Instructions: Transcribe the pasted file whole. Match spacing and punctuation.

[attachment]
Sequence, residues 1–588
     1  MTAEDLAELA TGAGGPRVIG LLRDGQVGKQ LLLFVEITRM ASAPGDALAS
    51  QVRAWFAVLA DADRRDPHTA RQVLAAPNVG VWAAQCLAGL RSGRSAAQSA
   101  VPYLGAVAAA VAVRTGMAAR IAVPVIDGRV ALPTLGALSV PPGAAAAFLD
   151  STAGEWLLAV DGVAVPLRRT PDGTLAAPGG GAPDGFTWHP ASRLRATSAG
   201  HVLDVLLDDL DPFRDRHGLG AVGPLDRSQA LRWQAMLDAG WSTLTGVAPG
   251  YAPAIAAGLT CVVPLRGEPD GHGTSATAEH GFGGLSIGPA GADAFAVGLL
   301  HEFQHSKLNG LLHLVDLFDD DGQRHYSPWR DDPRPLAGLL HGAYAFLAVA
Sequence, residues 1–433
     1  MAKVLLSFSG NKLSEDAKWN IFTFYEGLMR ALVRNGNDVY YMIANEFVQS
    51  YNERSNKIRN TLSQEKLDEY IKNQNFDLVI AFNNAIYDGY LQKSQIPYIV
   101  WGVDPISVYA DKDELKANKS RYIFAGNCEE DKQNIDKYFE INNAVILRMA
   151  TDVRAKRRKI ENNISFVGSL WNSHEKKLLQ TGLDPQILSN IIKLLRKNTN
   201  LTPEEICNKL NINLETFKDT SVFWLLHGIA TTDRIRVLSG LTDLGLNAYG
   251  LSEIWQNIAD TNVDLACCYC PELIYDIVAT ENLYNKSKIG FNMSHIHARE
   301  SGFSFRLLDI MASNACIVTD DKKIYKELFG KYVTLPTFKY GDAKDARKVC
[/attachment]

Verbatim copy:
Sequence, residues 1–588
     1  MTAEDLAELA TGAGGPRVIG LLRDGQVGKQ LLLFVEITRM ASAPGDALAS
    51  QVRAWFAVLA DADRRDPHTA RQVLAAPNVG VWAAQCLAGL RSGRSAAQSA
   101  VPYLGAVAAA VAVRTGMAAR IAVPVIDGRV ALPTLGALSV PPGAAAAFLD
   151  STAGEWLLAV DGVAVPLRRT PDGTLAAPGG GAPDGFTWHP ASRLRATSAG
   201  HVLDVLLDDL DPFRDRHGLG AVGPLDRSQA LRWQAMLDAG WSTLTGVAPG
   251  YAPAIAAGLT CVVPLRGEPD GHGTSATAEH GFGGLSIGPA GADAFAVGLL
   301  HEFQHSKLNG LLHLVDLFDD DGQRHYSPWR DDPRPLAGLL HGAYAFLAVA
Sequence, residues 1–433
     1  MAKVLLSFSG NKLSEDAKWN IFTFYEGLMR ALVRNGNDVY YMIANEFVQS
    51  YNERSNKIRN TLSQEKLDEY IKNQNFDLVI AFNNAIYDGY LQKSQIPYIV
   101  WGVDPISVYA DKDELKANKS RYIFAGNCEE DKQNIDKYFE INNAVILRMA
   151  TDVRAKRRKI ENNISFVGSL WNSHEKKLLQ TGLDPQILSN IIKLLRKNTN
   201  LTPEEICNKL NINLETFKDT SVFWLLHGIA TTDRIRVLSG LTDLGLNAYG
   251  LSEIWQNIAD TNVDLACCYC PELIYDIVAT ENLYNKSKIG FNMSHIHARE
   301  SGFSFRLLDI MASNACIVTD DKKIYKELFG KYVTLPTFKY GDAKDARKVC